really mean the numerical return code, you can use os.system.
--
- Tim Roberts, (E-Mail Removed)
Providenza & Boekelheide, Inc.
 
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Jorgen Grahn
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      01-08-2006
On Sun, 08 Jan 2006 08:57:01 GMT, Tim Roberts <(E-Mail Removed)> wrote:
> (E-Mail Removed) wrote:
>>
>>How to execute bash scripts from python (other than using os.popen) and
>>get the values that those bash scripts return.

>
> Why would you eliminate os.popen? It is precisely the right way to do
> this. That's the same interface bash itself uses to execute scripts.
>
> That is, assuming by "values" you mean the stdout from the script. If you
> really mean the numerical return code, you can use os.system.


And that's just one "value", of course. And not a very useful one, either --
it's a non-negative integer, with a pretty low max value -- 255 on my
machine. Unless you count the crash return codes.

/Jorgen

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Mike Meyer
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      01-08-2006
Jorgen Grahn <(E-Mail Removed)> writes:
> On Sun, 08 Jan 2006 08:57:01 GMT, Tim Roberts <(E-Mail Removed)> wrote:
>> (E-Mail Removed) wrote:
>>>How to execute bash scripts from python (other than using os.popen) and
>>>get the values that those bash scripts return.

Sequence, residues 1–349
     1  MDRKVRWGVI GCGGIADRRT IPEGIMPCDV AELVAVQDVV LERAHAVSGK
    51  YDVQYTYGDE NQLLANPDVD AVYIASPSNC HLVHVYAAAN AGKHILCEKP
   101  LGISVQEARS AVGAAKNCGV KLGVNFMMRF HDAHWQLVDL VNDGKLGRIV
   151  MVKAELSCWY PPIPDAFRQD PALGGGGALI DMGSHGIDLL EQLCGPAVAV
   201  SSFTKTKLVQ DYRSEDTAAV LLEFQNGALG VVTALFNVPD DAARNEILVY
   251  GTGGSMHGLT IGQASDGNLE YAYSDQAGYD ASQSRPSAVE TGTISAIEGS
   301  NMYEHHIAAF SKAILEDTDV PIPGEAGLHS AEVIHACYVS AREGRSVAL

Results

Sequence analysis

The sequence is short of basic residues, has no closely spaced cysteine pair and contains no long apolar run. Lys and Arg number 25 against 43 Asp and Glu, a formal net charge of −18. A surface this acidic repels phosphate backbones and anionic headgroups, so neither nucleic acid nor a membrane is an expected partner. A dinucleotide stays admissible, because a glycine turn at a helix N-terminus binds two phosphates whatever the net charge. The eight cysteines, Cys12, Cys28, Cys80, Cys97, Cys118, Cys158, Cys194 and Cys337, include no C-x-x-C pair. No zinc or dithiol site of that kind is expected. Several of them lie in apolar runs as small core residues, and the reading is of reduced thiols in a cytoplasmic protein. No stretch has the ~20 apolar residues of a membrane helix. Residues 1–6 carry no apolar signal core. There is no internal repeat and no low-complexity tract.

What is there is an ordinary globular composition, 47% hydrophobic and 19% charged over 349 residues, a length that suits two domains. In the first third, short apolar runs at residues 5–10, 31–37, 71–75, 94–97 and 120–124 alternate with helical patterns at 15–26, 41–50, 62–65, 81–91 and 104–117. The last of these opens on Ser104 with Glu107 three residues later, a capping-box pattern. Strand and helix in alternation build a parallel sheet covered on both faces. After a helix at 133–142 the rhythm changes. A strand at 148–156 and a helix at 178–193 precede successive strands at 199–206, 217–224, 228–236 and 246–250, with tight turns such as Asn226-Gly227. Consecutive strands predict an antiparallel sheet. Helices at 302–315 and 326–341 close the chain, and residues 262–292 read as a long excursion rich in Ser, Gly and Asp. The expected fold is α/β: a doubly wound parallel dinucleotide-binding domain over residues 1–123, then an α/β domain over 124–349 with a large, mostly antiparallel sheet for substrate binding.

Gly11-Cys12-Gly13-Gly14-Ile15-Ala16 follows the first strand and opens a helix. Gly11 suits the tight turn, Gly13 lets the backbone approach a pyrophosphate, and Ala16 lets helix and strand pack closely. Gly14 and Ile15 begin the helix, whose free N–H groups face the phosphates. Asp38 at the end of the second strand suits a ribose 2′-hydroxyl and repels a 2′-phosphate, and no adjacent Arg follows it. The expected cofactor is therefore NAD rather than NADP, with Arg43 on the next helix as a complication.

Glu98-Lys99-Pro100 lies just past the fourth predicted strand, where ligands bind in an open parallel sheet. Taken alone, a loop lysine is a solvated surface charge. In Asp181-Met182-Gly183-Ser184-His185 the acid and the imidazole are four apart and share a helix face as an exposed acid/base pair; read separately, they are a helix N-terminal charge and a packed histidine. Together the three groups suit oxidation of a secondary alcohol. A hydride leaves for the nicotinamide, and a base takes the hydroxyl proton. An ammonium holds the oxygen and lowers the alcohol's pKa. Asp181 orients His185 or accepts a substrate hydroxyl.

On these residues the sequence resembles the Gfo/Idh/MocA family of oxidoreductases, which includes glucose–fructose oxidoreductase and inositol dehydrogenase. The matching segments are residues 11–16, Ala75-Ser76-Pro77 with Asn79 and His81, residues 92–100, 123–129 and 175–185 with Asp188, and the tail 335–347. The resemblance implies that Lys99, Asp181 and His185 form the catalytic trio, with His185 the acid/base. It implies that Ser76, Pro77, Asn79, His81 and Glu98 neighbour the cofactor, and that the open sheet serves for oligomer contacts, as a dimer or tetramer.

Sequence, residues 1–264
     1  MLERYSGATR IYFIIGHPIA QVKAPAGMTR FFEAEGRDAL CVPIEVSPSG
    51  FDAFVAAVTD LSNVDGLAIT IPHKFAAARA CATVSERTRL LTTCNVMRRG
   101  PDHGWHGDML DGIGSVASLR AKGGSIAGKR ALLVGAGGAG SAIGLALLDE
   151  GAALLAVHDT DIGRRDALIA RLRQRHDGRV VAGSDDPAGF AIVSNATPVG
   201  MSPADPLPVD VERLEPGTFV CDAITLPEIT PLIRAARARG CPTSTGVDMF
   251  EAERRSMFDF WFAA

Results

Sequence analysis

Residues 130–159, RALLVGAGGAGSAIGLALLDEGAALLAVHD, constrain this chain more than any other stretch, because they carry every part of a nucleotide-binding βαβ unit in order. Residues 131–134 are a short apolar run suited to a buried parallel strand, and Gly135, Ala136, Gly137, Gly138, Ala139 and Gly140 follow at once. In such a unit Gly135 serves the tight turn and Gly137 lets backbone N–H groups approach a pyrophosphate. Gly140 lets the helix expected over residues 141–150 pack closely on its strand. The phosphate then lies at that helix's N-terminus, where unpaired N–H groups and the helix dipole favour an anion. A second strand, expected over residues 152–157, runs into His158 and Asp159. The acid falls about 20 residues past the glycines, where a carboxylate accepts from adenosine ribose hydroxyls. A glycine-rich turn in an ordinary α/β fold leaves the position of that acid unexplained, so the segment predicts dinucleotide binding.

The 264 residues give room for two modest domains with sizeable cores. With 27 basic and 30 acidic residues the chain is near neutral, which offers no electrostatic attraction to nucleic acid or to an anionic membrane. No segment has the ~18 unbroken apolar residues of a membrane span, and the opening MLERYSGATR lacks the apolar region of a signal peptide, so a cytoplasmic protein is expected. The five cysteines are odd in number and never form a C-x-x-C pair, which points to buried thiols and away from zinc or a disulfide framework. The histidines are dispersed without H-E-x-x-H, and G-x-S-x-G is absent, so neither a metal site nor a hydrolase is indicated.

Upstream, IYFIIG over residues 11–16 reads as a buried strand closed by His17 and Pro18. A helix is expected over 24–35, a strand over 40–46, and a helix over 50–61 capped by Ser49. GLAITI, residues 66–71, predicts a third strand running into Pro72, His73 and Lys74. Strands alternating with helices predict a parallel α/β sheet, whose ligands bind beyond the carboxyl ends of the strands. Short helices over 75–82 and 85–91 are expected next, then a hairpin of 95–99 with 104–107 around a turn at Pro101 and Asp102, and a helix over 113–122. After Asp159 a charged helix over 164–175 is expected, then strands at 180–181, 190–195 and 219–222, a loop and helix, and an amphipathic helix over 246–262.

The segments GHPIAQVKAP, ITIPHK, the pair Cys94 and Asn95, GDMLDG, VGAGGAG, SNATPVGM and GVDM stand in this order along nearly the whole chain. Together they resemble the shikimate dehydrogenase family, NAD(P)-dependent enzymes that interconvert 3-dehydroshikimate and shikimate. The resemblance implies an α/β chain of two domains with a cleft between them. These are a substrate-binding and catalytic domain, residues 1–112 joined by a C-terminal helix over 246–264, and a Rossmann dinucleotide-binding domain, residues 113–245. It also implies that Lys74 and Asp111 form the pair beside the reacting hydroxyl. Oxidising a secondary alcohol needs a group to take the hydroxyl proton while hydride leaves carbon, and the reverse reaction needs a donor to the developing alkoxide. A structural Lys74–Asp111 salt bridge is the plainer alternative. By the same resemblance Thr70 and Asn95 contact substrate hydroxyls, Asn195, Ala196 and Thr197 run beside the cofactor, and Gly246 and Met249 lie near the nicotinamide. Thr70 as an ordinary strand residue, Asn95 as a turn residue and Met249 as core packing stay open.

>> Why would you eliminate os.popen? It is precisely the right way to do
>> this. That's the same interface bash itself uses to execute scripts.
>> That is, assuming by "values" you mean the stdout from the script. If you
>> really mean the numerical return code, you can use os.system.

> And that's just one "value", of course. And not a very useful one, either --
> it's a non-negative integer, with a pretty low max value -- 255 on my
> machine. Unless you count the crash return codes.


Further, os.system (and os.popen) pass the command through a shell,
and actually gives you the return value from the shell instead of the
command in question. Normally, these are the same thing. But if the
shell fails to execute the command, they aren't - and there's no easy
way to tell that that's what happened.

<mike
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Independent WWW/Perforce/FreeBSD/Unix consultant, email for more information.
 
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Fredrik Lundh
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      01-08-2006
Steven D'Aprano wrote:

> >> How to execute bash scripts from python (other than using os.popen) and
> >> get the values that those bash scripts return.

> >
> > The easy way is to call it with subprocess.call.

>
>
> >>> import subprocess

> Traceback (most recent call last):
> File "<stdin>", line 1, in ?
> ImportError: No module named subprocess
>
> It might be easy, but an awful lot of people won't be using a version of
> Python that has the subprocess module, and for them upgrading may not be
> easy (or even possible) at all.


subprocess is available as a separate distribution for Python 2.2
and newer:

http://www.lysator.liu.se/~astrand/popen5/

if you're on a unixoid system, all you need is the subprocess.py
file, which you can also get directly from the Python SVN:

http://svn.python.org/view/python/tr.../subprocess.py

</F>